The bill provides $5.392 billion for the DOE Office of Science ($42 million more than FY16). The bill prioritizes materials research, high performance computing, and biology to maintain U.S. scientific leadership. It also provides $4.311 billion for applied energy programs ($123 million more than FY16). This funding supports research, development, demonstration, and deployment of an extensive range of clean energy technologies, including nuclear, fossil, and renewable energy applications. It includes $306 million for the Advanced Research Projects Agency–Energy (ARPA-E) to develop next-generation, innovative energy technologies.

Next steps for lawmakers

Attention next turns to negotiations over spending for the 2018 fiscal year, which begins October 1. The administration on May 22 is expected to present its full, detailed budget request to Congress for FY 2018. Administration officials have already announced they will request a $54 billion increase in defense spending and a $54 billion reduction in non-defense programs, which are expected to include significant reductions in research at NSF and NOAA. Congress will quickly start their review of the administration’s proposals with hearings and mark ups in late May and June. Information and analysis on the FY 2018 proposals will be provided as soon as the detailed budget proposal is released.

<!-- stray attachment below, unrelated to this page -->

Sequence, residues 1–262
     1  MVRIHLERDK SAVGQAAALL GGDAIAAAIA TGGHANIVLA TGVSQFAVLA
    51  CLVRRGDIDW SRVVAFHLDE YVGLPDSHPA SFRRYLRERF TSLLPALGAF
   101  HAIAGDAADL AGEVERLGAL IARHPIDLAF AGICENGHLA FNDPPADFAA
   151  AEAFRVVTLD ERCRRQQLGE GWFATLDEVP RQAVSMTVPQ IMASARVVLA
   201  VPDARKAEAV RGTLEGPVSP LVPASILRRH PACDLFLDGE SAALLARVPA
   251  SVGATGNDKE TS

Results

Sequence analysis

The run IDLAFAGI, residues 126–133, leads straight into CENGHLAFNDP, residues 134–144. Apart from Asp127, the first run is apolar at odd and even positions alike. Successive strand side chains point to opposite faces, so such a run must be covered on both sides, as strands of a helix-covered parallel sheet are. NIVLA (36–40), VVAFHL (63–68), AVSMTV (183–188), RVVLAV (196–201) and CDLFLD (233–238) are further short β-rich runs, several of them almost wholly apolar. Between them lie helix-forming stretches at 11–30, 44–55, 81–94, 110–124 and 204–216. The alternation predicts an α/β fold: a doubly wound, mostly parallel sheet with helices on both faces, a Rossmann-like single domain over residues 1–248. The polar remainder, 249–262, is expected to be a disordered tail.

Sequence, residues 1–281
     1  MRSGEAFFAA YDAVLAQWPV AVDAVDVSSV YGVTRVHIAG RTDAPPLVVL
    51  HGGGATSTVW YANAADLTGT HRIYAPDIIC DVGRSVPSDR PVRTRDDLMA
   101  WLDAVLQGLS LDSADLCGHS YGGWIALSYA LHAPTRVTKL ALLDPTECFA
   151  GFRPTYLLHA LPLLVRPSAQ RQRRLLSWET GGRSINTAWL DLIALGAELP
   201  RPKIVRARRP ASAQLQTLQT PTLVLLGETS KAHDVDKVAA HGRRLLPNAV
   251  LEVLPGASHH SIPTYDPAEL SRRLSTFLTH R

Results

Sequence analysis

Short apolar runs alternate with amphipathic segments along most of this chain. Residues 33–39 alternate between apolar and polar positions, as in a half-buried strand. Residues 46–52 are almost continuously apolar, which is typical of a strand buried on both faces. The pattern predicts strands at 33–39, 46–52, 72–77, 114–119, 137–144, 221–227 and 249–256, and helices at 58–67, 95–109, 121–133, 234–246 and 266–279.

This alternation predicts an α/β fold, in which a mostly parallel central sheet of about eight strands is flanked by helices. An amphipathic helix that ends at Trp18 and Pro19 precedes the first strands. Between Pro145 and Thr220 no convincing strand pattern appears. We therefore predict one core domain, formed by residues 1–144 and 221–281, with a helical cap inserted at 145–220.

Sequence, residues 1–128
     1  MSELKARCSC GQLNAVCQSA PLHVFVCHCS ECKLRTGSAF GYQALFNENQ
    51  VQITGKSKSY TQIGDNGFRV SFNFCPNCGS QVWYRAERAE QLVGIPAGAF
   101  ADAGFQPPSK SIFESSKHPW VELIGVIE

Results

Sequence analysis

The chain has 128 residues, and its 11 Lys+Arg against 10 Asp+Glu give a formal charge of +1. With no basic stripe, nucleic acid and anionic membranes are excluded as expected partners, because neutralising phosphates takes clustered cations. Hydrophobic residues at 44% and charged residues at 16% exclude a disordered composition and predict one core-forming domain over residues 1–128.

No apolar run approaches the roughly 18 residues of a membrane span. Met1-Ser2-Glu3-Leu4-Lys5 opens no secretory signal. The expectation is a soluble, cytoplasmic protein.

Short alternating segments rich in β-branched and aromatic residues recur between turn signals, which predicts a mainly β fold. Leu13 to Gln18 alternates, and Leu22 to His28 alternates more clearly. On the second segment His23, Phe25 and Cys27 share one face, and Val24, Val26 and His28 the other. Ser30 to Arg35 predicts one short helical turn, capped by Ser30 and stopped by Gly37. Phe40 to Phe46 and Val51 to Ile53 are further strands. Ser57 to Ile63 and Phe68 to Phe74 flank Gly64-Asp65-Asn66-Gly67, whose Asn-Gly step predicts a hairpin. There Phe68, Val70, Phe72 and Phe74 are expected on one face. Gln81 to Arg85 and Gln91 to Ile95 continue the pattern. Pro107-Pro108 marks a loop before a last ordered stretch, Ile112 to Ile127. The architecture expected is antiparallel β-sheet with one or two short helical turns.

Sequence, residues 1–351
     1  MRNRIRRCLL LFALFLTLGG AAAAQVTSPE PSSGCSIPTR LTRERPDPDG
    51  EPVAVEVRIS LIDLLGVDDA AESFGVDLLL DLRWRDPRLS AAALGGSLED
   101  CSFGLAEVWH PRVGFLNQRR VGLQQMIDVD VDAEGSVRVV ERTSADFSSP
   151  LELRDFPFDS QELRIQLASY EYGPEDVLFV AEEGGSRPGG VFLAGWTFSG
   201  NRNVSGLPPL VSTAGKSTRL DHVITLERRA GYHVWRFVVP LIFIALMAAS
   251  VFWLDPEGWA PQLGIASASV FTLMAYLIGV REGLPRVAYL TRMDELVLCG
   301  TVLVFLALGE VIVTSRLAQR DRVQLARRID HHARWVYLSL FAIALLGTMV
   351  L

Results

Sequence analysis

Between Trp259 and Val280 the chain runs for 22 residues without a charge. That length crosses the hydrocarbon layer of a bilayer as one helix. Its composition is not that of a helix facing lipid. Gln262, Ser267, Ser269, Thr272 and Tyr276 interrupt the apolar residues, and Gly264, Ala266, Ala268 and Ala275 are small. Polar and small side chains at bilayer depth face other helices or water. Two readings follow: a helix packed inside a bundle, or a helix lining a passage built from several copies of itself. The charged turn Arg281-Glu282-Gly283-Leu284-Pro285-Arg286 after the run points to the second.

UCAR activities

UCAR is continuing to advocate for the value to the nation of investment in the atmospheric and geosciences and to highlight our members’ innovative and collaborative research. Activities include congressional testimony and briefings, and meetings with key staff and members of Congress.

In April, UCAR President Tony Busalacchi testified about improved water forecasting before the Senate Appropriations Subcommittee for Commerce, Justice, Science. UCAR also hosted a congressional briefing on better predicting and managing wildland fires.

On May 10, members of the UCAR Board of Trustees and President’s Advisory Council on University Relations met in Washington. Several members of each group, along with the winners of UCAR's student essay contest, also visited with congressional staff to convey the importance of Earth system science and federal funding for research.